Bulgaria offers a delicious plethora of fruits. You can find all sorts of fruits in the country, within your reach on local markets and stores. If you have an innate love for fruits, you’ll undoubtedly relish them as Bulgarian fruits are among some of the globe’s most succulent. Plus, you get to enjoy different types of fruits from season to season, which means the variety will fulfill your appetite. Here, discover the native fruits you need to taste in Bulgaria.
You can find Bulgarian pears from autumn to early winter. While these fruits are fun to enjoy as raw, people also use pears to make rakia, a clear, potent alcohol drink created through fermented fruits’ distillation. Bulgarians also eat them dried, on jams, or deserts like tutti frutti. You can still see pears available in the market throughout the year, though they are imported from Greece, Italy, and Argentina, so it pays to know when they are in season.
Apples are very popular across the world, and Bulgaria isn’t an exception. Apple trees of different varieties thrive in the southwestern and southern parts of the country, as well as in the Varna region. Fruits from these trees are usually harvested from the latter part of June until late Autumn. Most often eaten raw, apples are also used to make wines, rakia, or used in baking.
Love the distinct, vibrant red color, aroma, sweetness, and juicy texture of Strawberries? Find Bulgarian ones in the market from late to April. Strawberries are best eaten raw, but they taste excellent on jams, too! If you want the former, you can take a stroll in the mountains and find some small yet very delicious wild strawberries growing.
Bulgaria has a long tradition of making plums. In fact, a festival is held in the scenic town of Troyan and the surrounding Oreshak village. It is a blissful celebration of the fruit and features different workshops, tours, tastings. The festival is dedicated to the cultivation of plum and all the products produced from the fruit. You can find Bulgarian plums from summer to early autumn. They are very popular and rank second to apple in terms of local production.
While Blueberries are locally grown in the country, they aren’t very much popular among the locals. Dried ones are available throughout the year, but you’ll find some fresh ones in bigger stores and some markets. The best way to eat Bulgaria-grown blueberries is going on a mountain walk while keeping your eyes peeled for the wild ones.
You can find different types of locally-grown cherries from May to June, coming from the Kyustendil province in southwestern Bulgaria. Outside the season, the ones you’ll find in the market are imported from other countries. Cherries are made into pies, jams, tutti frutti, and even in rakia. Tart or sour cherries are less popular, but you can see them available during the summer if you want to try one.
The small, nutrient-dense Kiwi is a sweet and tangy fruit known to thrive in tropical regions. Surprisingly, Kiwi trees thrive pretty well in the Bulgarian climate, but fruit production is still rising. You’ll find Kiwis from October to April, though only around 10% of them are locally-grown.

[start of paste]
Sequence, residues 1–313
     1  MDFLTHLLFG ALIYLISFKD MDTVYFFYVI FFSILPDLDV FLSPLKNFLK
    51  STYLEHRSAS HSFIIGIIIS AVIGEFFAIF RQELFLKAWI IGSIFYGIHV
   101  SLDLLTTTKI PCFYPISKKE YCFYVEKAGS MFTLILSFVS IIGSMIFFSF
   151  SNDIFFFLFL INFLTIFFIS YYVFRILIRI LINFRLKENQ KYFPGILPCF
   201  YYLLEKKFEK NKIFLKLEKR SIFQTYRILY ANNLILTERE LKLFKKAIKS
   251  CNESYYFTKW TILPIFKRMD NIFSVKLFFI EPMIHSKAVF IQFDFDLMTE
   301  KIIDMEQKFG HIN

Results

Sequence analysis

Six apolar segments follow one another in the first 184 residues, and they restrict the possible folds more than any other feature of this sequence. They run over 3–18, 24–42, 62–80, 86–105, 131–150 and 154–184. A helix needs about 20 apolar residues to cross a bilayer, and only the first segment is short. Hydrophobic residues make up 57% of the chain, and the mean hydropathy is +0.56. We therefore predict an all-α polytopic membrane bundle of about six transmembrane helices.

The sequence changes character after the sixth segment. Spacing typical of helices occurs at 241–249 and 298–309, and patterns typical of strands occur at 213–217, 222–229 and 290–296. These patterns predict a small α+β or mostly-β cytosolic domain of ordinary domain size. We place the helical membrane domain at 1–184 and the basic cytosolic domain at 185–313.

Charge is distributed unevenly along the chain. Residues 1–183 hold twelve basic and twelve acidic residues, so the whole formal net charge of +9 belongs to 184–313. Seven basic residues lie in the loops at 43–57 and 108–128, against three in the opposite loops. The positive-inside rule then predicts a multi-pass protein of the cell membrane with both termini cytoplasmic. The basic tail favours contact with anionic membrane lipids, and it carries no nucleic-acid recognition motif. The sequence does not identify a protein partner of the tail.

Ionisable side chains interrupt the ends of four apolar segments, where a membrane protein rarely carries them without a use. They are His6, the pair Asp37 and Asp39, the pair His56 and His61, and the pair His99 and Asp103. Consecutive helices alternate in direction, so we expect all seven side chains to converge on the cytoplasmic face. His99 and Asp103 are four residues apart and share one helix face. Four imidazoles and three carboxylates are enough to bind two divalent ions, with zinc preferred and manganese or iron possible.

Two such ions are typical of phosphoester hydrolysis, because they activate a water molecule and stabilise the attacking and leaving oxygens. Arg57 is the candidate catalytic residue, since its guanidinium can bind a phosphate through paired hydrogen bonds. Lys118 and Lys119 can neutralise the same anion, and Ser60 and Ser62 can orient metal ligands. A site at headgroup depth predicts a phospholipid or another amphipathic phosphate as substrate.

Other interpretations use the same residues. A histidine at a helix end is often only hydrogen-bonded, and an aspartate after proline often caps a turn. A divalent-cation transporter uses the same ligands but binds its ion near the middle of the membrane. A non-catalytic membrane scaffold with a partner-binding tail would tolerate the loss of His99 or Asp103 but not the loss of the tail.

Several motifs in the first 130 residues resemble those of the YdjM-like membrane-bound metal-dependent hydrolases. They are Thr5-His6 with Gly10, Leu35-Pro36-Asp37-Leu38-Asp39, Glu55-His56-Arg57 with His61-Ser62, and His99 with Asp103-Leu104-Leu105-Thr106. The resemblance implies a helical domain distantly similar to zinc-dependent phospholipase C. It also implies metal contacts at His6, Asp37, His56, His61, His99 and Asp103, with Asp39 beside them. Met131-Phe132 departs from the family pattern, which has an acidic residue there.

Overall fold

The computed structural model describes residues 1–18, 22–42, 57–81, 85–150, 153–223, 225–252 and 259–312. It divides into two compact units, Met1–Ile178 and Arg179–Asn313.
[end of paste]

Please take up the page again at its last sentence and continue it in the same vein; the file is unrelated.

Grapes are one of the most versatile fruits, made into wine, rakia, jams, eaten raw, dried, or in deserts. Thus, no surprise that grapes are also one of the most prized fruits in the market. The grape season in Bulgaria is from August until November. Most grapes available in the stores are produced locally.
Apricots and Peaches
Apricots are both summer fruits, though the latter is more popular, and its availability is longer in the market. Nevertheless, don’t expect to see them in December, taking their season preference into account. Though you may luckily find one, it’s not advisable to purchase or eat them as they may have been there for a long time.
Persimmons’ ripening season happens in late autumn, which means they become available on the market and store shelves by November to December. Even gardens grow these fruits, so it would be a piece of cake to find them during the high season. Curious if they are used in rakia? Well, you should already know the answer.
Medlar is not a common fruit, and the probability is you might not be even aware of it. This fruit hails from the rose family. It has been cultivated and grown during Roman times, but today is only produced in small gardens. Markets don’t typically offer them as they are pretty unpopular, but once you find one, you can be assured that it’s grown in Bulgaria.
Another unpopular fruit is the Quince, which resembles a pear. It has a sweet guava odor, yet can is too astringent when eaten raw, which is why they are most eaten on jams, desert, or used in making rakia. You can find them in late autumn and rarely until winter. Since they are not grown widely locally, the ones you’ll see are most likely produced in the country.
With a lot of choices, it’s very enticing to eat fruits in Bulgaria. But, of course, you’d want to save money while getting the chance to enjoy these treats from nature. Fortunately, you can easily make good purchases at fruit markets and seasonal roadside stores. They offer fruits at relatively lower prices compared to groceries and supermarkets. Remember to check too when if the fruit is in season, the price plunge during the said period, and you’ll get to relish plenty of your favorite fruit.